• And bravo to you for being so kind to the lady on the train! As for the schmuck on the cellphone…hmph!

      It has always irritated me (even before the days of cellphones) how some people will give their undivided attention to a caller on the phone to the detriment of the person standing right in front of them.


  4. absolutely lovely tale! kurt vonnegut, jr. explained this as “farting around” — going out, saying hi to people, doing your errands with your head up and brain plugged in… sounds like a grand adventure to me!


  5. Great story about Rosa–shows the benefits of treating everyone like a human being. As far as cell phones, that is my pet rant, especially with families in restaurants. The parents have outsourced their responsibilities to the techno toys.


    • I remember when my older brother was a teen he had to talk on our only telephone with a jacket over his head so no one would hear his conversations with his friends. Now, kids take their phones to school and text back and forth in class.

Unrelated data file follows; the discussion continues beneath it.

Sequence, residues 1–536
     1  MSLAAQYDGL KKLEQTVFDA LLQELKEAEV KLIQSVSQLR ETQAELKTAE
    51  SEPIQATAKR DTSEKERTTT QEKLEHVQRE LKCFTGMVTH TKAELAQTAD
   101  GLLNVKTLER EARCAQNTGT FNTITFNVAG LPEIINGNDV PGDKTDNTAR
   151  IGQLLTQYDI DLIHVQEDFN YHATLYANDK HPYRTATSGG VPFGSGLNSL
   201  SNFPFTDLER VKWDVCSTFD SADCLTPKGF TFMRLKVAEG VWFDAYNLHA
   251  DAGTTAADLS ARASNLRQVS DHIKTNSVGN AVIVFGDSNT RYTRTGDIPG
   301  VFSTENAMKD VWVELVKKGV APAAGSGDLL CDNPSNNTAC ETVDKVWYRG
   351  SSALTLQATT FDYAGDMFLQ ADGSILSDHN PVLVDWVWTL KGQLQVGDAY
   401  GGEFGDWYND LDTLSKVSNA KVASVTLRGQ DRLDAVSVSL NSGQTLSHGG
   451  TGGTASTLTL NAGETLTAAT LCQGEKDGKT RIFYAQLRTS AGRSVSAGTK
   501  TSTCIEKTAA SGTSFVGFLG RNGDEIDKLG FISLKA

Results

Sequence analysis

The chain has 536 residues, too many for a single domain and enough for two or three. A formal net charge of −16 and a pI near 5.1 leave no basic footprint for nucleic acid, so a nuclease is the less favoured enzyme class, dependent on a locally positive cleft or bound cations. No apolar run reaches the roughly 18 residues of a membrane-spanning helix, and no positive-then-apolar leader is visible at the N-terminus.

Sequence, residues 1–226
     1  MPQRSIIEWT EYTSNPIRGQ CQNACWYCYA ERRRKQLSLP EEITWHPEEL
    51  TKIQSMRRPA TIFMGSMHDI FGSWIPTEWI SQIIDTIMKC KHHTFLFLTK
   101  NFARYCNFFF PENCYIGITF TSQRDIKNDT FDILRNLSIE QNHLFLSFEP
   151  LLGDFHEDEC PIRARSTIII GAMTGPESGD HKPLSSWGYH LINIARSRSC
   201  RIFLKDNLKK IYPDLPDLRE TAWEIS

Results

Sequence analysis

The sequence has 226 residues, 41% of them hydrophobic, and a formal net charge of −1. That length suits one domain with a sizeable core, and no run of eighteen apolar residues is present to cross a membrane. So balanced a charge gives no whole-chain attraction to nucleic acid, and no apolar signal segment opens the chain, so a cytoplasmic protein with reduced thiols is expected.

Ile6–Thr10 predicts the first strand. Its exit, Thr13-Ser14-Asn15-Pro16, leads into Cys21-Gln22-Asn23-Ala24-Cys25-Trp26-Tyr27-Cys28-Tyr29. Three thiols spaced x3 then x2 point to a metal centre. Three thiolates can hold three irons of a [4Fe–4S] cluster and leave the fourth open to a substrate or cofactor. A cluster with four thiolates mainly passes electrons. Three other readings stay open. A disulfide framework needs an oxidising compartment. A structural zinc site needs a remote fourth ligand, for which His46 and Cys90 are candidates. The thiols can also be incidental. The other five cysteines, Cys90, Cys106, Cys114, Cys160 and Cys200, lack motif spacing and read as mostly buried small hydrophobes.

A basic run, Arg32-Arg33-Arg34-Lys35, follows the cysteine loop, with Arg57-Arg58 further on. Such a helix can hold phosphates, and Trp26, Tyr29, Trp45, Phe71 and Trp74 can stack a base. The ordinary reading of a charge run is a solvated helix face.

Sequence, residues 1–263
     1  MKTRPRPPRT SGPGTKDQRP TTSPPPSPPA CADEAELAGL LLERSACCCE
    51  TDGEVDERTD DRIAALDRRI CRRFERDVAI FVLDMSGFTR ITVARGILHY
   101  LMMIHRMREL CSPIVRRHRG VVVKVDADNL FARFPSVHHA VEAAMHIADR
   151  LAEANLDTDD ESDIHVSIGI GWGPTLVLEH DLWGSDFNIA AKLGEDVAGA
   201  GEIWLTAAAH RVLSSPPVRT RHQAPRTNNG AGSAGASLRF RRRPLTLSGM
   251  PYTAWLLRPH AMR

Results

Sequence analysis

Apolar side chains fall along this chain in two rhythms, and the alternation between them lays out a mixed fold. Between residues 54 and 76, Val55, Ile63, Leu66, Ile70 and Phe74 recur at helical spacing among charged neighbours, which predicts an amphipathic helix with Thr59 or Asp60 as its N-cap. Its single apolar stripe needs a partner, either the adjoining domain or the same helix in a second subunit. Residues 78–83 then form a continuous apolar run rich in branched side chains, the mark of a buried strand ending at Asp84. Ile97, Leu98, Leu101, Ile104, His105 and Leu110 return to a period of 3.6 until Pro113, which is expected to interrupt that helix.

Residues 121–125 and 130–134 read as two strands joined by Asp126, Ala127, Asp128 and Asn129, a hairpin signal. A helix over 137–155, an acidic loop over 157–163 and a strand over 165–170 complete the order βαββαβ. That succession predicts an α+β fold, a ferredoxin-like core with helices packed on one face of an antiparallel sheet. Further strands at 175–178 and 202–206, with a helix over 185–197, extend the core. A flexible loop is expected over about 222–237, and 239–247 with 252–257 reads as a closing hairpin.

6. Everywhere I go, I see young kids, some as young as 11 or 12 staring down into the screen of their cellphones, unaware that the world is going by. Their world has become some piece of technology 12 inches from their face. They’re missing so much going on, but I’m sure they don’t even realize it. What a shame.


    • It’s like Lifeintheboomerlane’s comment about the guy who was talking on his phone and didn’t want to be bothered to help the foreign lady. I’m afraid many will be more interested in following someone on Twitter than actually having any kind of real relationship face to face.